Cell balancing is the process of equalizing the voltages and state of charge among the cells when they are at a full charge. No two cells are identical.
There are always slight differences in the state of charge, self-discharge rate, capacity, impedance, and temperature characteristics.
This is true even if the cells are the same model, same manufacturer, and same production lot. Manufacturers will sort cells by similar voltage to match as close as possible,
but there are still slight variations in the individual cells impedance, capacity, and self-discharge rate that can eventually lead to a divergence in voltage over time.
Most typical battery chargers detect full charge by checking whether the voltage of the entire string of cells has reached the voltage regulation point.
Individual cell voltages can vary as long as they don’t exceed the limits for overvoltage protection.
However, weak cells (ones with lower capacity / higher internal impedance) tend to exhibit higher voltage than the rest of the series cells at full charge termination.
These cells are then weakened further by continuous overcharge cycles. The higher voltage of the weaker cells at charge completion causes accelerated capacity degradation.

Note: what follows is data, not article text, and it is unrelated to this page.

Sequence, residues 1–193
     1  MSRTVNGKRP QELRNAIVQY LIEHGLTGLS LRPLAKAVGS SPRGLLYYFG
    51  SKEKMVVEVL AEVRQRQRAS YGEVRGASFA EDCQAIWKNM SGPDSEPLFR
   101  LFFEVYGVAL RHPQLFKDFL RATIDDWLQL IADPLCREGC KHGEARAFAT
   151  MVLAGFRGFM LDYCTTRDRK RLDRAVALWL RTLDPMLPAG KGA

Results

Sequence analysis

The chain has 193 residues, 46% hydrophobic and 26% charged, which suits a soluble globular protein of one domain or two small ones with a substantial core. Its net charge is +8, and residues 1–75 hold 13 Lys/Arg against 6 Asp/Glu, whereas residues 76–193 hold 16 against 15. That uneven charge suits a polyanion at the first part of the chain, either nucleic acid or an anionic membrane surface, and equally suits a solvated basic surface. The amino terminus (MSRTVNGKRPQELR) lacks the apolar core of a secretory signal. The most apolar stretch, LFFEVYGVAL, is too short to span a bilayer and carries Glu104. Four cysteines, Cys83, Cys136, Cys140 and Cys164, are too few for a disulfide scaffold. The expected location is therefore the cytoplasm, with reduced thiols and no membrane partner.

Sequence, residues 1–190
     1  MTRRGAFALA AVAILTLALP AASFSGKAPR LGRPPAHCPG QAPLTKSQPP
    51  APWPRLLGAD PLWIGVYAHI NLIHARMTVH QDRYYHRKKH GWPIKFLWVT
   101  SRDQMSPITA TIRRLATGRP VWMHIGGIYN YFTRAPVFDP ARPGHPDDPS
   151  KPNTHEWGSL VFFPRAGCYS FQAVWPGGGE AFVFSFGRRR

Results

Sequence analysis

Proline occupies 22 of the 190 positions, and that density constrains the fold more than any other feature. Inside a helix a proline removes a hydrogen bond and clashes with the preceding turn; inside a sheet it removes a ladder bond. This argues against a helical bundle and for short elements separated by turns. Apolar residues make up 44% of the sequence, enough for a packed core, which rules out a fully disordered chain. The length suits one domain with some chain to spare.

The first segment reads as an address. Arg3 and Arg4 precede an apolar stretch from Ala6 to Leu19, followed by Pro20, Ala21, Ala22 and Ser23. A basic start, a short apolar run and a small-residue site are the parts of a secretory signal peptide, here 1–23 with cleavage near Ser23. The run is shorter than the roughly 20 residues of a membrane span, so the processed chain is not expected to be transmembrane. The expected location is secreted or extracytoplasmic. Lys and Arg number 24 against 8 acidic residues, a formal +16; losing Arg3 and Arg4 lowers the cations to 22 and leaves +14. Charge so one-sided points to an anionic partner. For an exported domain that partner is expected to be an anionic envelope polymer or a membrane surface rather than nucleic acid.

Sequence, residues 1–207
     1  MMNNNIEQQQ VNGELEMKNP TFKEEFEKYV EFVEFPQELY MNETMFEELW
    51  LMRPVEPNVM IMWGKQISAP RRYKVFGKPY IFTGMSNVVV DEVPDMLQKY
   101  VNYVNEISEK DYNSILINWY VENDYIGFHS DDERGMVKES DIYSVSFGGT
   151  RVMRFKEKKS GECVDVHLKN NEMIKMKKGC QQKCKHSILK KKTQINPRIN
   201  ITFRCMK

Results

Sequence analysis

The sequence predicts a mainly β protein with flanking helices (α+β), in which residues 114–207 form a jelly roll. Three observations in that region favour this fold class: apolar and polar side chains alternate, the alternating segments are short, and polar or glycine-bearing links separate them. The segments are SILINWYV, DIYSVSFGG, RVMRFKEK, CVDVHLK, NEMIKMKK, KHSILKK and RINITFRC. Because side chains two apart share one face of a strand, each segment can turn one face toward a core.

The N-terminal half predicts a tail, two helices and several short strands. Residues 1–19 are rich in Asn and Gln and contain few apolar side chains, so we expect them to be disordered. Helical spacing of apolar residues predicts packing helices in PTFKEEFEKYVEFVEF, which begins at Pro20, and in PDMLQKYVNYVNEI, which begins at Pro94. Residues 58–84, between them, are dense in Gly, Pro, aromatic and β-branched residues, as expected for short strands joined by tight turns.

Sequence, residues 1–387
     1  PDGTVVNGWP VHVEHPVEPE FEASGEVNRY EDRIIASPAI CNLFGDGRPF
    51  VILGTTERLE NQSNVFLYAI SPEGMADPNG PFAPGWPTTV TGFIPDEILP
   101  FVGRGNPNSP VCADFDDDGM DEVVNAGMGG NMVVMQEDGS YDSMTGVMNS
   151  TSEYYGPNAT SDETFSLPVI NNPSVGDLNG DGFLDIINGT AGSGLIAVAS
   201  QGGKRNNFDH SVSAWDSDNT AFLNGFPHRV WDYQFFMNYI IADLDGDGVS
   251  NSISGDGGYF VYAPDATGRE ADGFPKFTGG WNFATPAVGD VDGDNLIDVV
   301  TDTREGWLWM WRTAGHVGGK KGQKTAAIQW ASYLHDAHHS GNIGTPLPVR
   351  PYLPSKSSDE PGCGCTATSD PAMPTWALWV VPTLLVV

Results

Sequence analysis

If the maximal recommended charging voltage is exceeded even by as little as 10 percent, it will cause the degradation rate to increase by 30 percent.
On the discharge side, the weak cells tend to have lower voltage than the other cells, due to either higher internal resistance,
or a faster rate of discharge that results from the lower capacity.
This means that if any of the weak cells hits the cell under voltage protection limit while the pack voltage is still sufficient to power the system,
the full capacity of the battery will never be used as the pack protector will prevent over discharge (which would damage the cell)
by stopping the discharge of the whole pack when one cell voltage goes below the cell under voltage threshold (usually around 2.7 V).